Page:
UN report reveals growing inequality
The UN’s Sustainable Development Goals (SDGs) will remain a pipe dream in 2030 unless the widening gap between the richest and poorest in society is reversed.
That is according to the UN’s recent World Social Report 2020, Inequality in a Rapidly Changing World, which reveals that inequality is growing for 70% of the global population, even in most developed countries.
Climate change is one of four key “megatrends” exacerbating disparities and divisions worldwide, along with technological innovation, migration and urbanisation.However, the researchers said this is “far from inevitable”, with the transition to a low-carbon economy, for example, potentially resulting in net employment gains.
The technological revolution also has the potential to create winners and losers, with some seeing their job opportunities increase while others are replaced by automation.
UN secretary general António Guterres said that these trends must be harnessed to create “a more equitable and sustainable world”, and that failure to do so will divide us further. “Income disparities and a lack of opportunities are creating a vicious cycle of inequality, frustration and discontent across generations,” he continued.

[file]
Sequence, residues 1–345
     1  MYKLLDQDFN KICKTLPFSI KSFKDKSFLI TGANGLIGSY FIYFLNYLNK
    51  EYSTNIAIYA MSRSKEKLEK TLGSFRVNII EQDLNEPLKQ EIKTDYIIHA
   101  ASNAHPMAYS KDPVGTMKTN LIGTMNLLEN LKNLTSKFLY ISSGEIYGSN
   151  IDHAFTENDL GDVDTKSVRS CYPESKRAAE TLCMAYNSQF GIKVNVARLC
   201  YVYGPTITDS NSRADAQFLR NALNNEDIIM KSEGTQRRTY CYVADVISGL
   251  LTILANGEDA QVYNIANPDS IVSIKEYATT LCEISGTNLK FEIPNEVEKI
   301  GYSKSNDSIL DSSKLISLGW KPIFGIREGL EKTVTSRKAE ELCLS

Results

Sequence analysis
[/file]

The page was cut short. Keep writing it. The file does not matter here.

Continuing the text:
“Unless progress accelerates, the core promise of the 2030 Agenda for Sustainable Development – to leave no one behind – will remain a still distant goal by 2030.”
The report reveals that the richest 1% of the population increased their share of income between 1990 and 2015, while the bottom 40% earned less than a quarter of all income. There also remain “stark differences” between the richest and poorest countries, with the average income in North America 16 times higher than it is in Sub-Saharan Africa.
Universal access to education, further unemployment and disability benefits, and legislation that tackles prejudice while promoting the participation of disadvantaged groups are recommended strategies. However, while action at a national level is crucial, the report declares that “concerted, coordinated and multilateral action” is needed to tackle the major challenges driving inequality.
Guterres outlined his priorities for a “decade of action” and called on all stakeholders to provide their recommendations on how to best deliver the SDGs in time. “The World Social Report 2020 frames the debate on how to curb inequality in these turbulent times. Together, we must challenge the status quo and take action to tackle deep-seated, as well as emerging, inequalities once and for all.”
Read the report here: bit.ly/2SeDCVU